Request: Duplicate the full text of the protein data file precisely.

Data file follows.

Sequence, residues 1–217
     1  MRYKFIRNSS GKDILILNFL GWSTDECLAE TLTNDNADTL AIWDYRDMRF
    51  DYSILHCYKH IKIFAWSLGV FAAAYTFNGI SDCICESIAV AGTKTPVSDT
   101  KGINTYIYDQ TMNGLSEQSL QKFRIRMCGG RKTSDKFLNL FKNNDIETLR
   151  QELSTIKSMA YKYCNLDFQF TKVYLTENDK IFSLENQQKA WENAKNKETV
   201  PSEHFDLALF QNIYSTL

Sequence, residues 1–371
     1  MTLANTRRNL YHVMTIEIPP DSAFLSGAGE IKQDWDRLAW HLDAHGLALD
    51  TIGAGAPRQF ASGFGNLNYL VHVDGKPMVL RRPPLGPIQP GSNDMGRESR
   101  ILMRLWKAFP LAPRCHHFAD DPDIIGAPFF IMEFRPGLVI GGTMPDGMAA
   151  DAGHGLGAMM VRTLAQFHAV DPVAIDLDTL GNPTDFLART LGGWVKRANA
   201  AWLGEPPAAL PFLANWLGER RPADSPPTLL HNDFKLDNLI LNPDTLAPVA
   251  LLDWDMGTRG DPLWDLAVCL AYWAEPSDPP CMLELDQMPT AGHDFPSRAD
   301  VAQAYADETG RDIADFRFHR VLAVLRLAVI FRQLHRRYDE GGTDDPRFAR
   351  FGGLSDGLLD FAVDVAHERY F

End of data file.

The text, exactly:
Sequence, residues 1–217
     1  MRYKFIRNSS GKDILILNFL GWSTDECLAE TLTNDNADTL AIWDYRDMRF
    51  DYSILHCYKH IKIFAWSLGV FAAAYTFNGI SDCICESIAV AGTKTPVSDT
   101  KGINTYIYDQ TMNGLSEQSL QKFRIRMCGG RKTSDKFLNL FKNNDIETLR
   151  QELSTIKSMA YKYCNLDFQF TKVYLTENDK IFSLENQQKA WENAKNKETV
   201  PSEHFDLALF QNIYSTL

Sequence, residues 1–371
     1  MTLANTRRNL YHVMTIEIPP DSAFLSGAGE IKQDWDRLAW HLDAHGLALD
    51  TIGAGAPRQF ASGFGNLNYL VHVDGKPMVL RRPPLGPIQP GSNDMGRESR
   101  ILMRLWKAFP LAPRCHHFAD DPDIIGAPFF IMEFRPGLVI GGTMPDGMAA
   151  DAGHGLGAMM VRTLAQFHAV DPVAIDLDTL GNPTDFLART LGGWVKRANA
   201  AWLGEPPAAL PFLANWLGER RPADSPPTLL HNDFKLDNLI LNPDTLAPVA
   251  LLDWDMGTRG DPLWDLAVCL AYWAEPSDPP CMLELDQMPT AGHDFPSRAD
   301  VAQAYADETG RDIADFRFHR VLAVLRLAVI FRQLHRRYDE GGTDDPRFAR
   351  FGGLSDGLLD FAVDVAHERY F